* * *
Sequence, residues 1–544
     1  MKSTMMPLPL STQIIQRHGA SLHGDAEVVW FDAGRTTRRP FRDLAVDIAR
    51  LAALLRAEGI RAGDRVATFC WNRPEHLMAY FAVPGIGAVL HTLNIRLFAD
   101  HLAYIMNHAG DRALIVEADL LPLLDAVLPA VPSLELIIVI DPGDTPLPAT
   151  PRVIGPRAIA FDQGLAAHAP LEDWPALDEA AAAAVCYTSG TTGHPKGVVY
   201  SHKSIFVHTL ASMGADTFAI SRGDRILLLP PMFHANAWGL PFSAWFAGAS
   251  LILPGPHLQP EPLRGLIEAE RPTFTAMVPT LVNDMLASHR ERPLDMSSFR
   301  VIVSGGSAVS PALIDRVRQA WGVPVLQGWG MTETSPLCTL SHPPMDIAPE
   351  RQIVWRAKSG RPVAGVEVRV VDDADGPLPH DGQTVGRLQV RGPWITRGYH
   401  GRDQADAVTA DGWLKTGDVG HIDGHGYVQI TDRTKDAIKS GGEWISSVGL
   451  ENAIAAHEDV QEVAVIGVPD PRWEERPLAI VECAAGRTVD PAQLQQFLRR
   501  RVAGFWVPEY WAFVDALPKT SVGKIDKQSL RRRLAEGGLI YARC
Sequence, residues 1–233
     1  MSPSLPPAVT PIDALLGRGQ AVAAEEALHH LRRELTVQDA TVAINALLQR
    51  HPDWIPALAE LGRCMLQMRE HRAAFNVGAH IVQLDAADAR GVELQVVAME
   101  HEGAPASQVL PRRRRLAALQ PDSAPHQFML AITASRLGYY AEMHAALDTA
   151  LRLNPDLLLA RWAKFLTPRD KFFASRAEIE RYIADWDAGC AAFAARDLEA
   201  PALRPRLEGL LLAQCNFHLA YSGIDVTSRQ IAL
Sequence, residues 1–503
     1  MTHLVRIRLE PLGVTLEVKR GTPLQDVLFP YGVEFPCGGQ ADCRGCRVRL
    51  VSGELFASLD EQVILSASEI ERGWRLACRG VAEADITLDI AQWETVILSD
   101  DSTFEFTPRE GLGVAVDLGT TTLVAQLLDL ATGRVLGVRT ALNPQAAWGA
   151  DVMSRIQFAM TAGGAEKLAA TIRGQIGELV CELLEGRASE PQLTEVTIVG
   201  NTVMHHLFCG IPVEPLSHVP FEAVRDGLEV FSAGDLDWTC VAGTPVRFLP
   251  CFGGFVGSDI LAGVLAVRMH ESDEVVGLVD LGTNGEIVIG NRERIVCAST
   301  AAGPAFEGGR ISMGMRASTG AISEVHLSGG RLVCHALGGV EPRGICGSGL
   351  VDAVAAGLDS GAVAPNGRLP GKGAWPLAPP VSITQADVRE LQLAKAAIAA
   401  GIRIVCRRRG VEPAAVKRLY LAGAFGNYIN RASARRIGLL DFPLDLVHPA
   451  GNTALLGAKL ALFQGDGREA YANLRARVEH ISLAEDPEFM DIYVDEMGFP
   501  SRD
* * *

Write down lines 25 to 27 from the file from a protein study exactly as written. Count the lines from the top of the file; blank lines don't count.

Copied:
   251  CFGGFVGSDI LAGVLAVRMH ESDEVVGLVD LGTNGEIVIG NRERIVCAST
   301  AAGPAFEGGR ISMGMRASTG AISEVHLSGG RLVCHALGGV EPRGICGSGL
   351  VDAVAAGLDS GAVAPNGRLP GKGAWPLAPP VSITQADVRE LQLAKAAIAA